• Collard greens: 28% of the DV
  • Carrots, raw: 93% of the DV
  • Baby spinach, raw: 31% of the DV

Vitamin A is a carotenoid that may help provide powerful protection against infections, including COVID-19. Food sources include liver, dark green leafy vegetables, and pigmented vegetables such as sweet potatoes and carrots.

Zinc deficiency has been associated with an increased risk of infections and poorer outcomes in those with COVID-19 (1, 35).

Zinc is regarded as one of the most important minerals. Research has shown that its antioxidant and anti-inflammatory properties may reduce the risk of heart disease, may support eye health, and are essential for immune health (36, 37, 38, 39).

In COVID-19, zinc may reduce the risk of getting a bacterial infection at the same time and decrease activity of the ACE2 receptors, which are targets of the novel coronavirus (40).

It also protects the health of the lung tissue and may be a therapeutic additional treatment for COVID-19. Studies on this are now underway (41, 42, 43, 44).

If you’ve received a diagnosis of zinc deficiency, your doctor may have recommended that you take zinc supplements. However, be careful not to take too much, because zinc is toxic in excess amounts. Stick to the dose your doctor recommends (45).

Foods to eat

Here are seven foods rich in zinc, along with the % of the DV per 100 grams of each (46, 47, 48, 49, 50, 51, 52):

  • Ground beef: 41% of the DV
  • Dark chocolate (70–85% cacao): 30% of the DV
  • Seafood oyster, canned: 73% of the DV
  • Cashew nuts: 53% of the DV
  • Hemp seeds: 90% of the DV
  • Pumpkin seeds: 71% of the DV
  • Lentils, sprouted, raw: 14% of the DV

Zinc is an essential mineral with anti-inflammatory properties that may benefit people with COVID-19. Rich food sources include ground beef, cashews, and hemp seeds.

Omega-3 polyunsaturated fats are a category of fatty acids shown to have anti-inflammatory health benefits, including for brain health, heart disease, and rheumatoid arthritis (1, 9, 53, 54).

These omega-3 fats, specifically eicosapentaenoic acid (EPA) and docosahexaenoic acid (DHA), may improve recovery in people with COVID-19 (55).

However, higher quality research in humans is needed before healthcare professionals may recommend taking it for this purpose.

Omega-3 fats reduce inflammation and the potential for the “cytokine storm” in COVID-19, which is hyperactivity of the immune system that causes negative symptoms.

They’re thought to do this by becoming part of cell membranes of various tissues throughout the body and preventing the production of pro-inflammatory compounds (56).

Another potential benefit of omega-3 fats in treating those with or recovering from COVID-19 is their role in improving mood, anxiety, and depression — all of which may be worsened by the novel coronavirus pandemic (57, 58).

Research is underway to determine the therapeutic role of omega-3 fats for COVID-19.

Foods to eat

Here are eight foods rich in omega-3 fatty acids, along with the amount of omega-3s found in each. Note that these contain different types of omega-3s (12, 15, 17, 29, 59, 60, 61, 62):

  • Chia seeds: 6 grams per 100 grams
  • Soybean, dry-roasted: 1.4 grams per 100 grams
  • Sardines, canned: 498 mg per 100 grams
  • Cod liver oil: 935 mg per tablespoon
  • King mackerel: 159 mg per 100 grams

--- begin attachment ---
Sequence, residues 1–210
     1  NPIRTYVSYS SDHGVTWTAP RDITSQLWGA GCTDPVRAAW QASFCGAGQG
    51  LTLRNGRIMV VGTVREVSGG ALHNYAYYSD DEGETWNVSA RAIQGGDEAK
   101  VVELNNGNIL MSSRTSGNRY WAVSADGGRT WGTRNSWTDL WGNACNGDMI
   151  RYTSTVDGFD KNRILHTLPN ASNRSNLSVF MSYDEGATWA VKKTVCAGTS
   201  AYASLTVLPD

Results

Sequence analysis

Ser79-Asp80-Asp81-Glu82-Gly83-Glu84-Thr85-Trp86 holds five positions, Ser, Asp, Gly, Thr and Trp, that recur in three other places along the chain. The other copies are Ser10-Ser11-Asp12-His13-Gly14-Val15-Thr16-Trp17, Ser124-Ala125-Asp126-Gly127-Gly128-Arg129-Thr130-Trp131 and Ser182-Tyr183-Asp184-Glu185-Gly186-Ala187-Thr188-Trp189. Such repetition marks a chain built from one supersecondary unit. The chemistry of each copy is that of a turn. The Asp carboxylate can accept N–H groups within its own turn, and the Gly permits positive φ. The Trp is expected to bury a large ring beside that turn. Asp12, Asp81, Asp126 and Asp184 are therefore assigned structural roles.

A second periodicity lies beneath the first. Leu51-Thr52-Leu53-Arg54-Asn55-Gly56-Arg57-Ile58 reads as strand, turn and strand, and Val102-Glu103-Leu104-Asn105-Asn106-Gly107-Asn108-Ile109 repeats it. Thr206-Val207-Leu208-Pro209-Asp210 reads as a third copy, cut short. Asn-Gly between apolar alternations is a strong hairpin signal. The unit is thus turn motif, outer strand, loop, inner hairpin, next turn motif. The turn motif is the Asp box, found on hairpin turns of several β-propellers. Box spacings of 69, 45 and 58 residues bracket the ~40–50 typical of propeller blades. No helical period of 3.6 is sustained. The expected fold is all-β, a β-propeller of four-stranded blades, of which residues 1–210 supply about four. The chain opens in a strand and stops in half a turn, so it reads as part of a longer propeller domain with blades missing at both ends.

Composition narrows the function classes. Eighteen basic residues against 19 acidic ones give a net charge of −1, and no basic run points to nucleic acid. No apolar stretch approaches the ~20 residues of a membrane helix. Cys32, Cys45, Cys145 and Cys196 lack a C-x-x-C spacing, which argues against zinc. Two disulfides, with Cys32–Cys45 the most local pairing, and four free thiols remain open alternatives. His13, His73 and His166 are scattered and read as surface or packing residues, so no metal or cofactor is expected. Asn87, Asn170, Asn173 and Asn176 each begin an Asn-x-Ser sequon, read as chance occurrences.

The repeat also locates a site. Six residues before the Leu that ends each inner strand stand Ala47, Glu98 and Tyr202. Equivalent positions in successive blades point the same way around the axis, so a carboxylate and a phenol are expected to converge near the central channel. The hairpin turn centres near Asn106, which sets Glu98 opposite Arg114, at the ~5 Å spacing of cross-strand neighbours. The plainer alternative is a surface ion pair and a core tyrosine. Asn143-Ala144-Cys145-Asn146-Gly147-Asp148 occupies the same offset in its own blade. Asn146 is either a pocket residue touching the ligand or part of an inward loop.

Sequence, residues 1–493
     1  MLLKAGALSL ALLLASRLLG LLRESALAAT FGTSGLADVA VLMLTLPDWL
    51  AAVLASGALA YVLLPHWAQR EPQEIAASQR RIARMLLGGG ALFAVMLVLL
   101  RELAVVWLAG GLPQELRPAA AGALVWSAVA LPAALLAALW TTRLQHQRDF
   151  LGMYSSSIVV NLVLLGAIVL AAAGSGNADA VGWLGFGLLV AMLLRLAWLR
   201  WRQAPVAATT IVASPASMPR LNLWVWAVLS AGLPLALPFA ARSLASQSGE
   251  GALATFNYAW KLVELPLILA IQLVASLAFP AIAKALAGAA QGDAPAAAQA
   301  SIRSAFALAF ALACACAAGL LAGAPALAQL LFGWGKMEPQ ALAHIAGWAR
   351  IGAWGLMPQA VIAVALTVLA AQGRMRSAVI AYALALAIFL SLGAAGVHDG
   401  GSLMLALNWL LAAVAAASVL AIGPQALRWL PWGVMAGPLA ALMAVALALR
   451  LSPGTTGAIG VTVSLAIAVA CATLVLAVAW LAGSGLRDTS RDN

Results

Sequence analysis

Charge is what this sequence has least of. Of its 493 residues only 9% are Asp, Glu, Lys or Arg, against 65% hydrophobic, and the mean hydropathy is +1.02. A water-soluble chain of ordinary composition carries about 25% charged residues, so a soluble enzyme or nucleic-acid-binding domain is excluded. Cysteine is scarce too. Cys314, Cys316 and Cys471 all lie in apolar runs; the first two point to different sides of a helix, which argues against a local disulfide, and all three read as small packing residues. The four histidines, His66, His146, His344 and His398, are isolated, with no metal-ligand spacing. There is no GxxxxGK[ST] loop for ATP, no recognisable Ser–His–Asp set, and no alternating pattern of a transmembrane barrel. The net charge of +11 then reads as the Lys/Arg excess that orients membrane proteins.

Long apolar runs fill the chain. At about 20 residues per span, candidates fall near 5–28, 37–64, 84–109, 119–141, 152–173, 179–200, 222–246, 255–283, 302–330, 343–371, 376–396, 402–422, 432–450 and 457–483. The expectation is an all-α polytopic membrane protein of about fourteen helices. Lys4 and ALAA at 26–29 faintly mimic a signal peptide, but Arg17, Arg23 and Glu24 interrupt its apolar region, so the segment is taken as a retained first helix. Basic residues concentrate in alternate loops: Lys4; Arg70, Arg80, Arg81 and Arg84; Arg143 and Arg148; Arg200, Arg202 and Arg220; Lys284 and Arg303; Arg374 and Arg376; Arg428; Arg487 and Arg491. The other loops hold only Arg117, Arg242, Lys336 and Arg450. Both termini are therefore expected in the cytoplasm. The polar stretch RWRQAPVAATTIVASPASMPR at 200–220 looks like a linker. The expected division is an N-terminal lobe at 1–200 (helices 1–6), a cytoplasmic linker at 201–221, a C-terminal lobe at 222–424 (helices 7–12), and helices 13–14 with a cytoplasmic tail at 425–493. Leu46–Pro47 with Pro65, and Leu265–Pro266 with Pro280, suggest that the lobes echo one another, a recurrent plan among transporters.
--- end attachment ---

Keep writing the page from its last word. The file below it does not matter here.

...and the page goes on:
• Flaxseed: 23 grams per 100 grams
  • Walnuts: 9 grams per 100 grams
  • Salmon: 113 mg per 100 grams

As you may have noticed, many foods rich in omega-3 fats are also rich sources of vitamin D.


Omega-3 polyunsaturated fats are known for their anti-inflammatory health benefits and may help treat COVID-19. Foods rich in omega-3 fats include salmon, sardines, and chia seeds.

Vitamin C is an antioxidant vitamin that supports immune health in people of all ages (63).

Animal and human studies have found that vitamin C may reduce oxidative stress, improve endothelial function to guard against heart disease, and support recovery from the common cold (64, 65, 66).

Emerging research demonstrates that giving vitamin C to people with COVID-19 may support recovery and improvement during the disease course (44, 66, 67).

Vitamin C has a potential role in the prevention and management of pneumonia and bacterial infections such as sepsis, although some in the scientific community question its use (66, 67).

Preliminary evidence suggests that taking vitamin C may help those with COVID-19, but more studies in humans are needed (68).

Foods to eat

Here are eight foods naturally high in vitamin C, along with the % of the DV per 100 grams of each (69, 70, 71, 72, 73, 74, 75, 76):

  • Guava, raw: 253% of the DV
  • Acerola (West Indian cherry): 1,867% of the DV
  • Kiwi, raw: 103% of the DV
  • Cauliflower, raw: 54% of the DV
  • Canned tomatoes: 14% of the DV
  • Potato, with skin: 13% of the DV
  • Sweet pepper, red: 142% of the DV
  • Papaya, raw: 68% of the DV

Vitamin C is an antioxidant vitamin that supports immune health and is known to reduce the risk of pneumonia. This nutrient shows promise as a treatment for COVID-19, and more research is currently underway.

COVID-19 negatively affects nutritional status, and a healthy, functional immune system is paramount to reducing the risk of infection and supporting recovery.

Researchers are looking with great interest at vitamin D, carotenoids, vitamin A, zinc, omega-3 fatty acids, and vitamin C to determine their potential health benefits as complementary treatments for COVID-19.

There is currently no clinical evidence that a low histamine diet is beneficial to those with or recovering from COVID-19. More research in humans is needed.

Just one thing

Try this today: Pick out a new fruit or vegetable to try from the grocery store. Eating a variety of foods with anti-inflammatory properties supports immune health.

Check out these eight Caribbean cultural foods to learn more.

Was this helpful?